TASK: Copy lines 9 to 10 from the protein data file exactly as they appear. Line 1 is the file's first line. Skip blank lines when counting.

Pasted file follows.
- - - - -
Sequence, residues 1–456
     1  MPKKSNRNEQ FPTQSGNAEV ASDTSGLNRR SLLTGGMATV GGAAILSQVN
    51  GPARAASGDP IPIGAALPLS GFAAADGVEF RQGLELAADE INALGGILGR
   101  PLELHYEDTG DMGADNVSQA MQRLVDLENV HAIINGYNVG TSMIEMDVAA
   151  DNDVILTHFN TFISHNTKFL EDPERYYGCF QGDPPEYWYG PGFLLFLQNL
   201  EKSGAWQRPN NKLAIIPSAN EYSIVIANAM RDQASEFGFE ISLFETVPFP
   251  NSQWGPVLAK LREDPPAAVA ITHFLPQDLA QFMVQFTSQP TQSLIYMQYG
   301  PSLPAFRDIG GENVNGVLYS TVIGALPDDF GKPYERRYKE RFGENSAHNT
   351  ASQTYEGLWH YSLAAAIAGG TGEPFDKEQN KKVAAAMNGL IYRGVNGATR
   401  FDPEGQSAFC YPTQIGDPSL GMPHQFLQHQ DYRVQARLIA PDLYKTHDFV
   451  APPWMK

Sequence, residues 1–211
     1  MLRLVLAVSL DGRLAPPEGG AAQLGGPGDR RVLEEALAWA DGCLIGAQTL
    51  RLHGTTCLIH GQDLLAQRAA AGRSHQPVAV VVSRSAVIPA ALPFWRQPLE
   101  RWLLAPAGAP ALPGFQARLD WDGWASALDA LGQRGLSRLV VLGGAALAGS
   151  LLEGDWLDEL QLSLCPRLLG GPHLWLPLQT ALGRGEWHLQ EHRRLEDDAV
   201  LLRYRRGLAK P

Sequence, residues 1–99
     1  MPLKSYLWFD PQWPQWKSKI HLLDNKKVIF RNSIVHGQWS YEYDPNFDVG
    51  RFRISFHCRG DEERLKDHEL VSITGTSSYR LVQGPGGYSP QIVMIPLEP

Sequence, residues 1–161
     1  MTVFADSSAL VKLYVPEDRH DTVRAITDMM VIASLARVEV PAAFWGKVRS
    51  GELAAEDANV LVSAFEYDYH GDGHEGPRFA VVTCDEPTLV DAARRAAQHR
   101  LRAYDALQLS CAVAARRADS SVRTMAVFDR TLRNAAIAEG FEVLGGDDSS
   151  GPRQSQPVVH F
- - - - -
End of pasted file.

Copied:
   351  ASQTYEGLWH YSLAAAIAGG TGEPFDKEQN KKVAAAMNGL IYRGVNGATR
   401  FDPEGQSAFC YPTQIGDPSL GMPHQFLQHQ DYRVQARLIA PDLYKTHDFV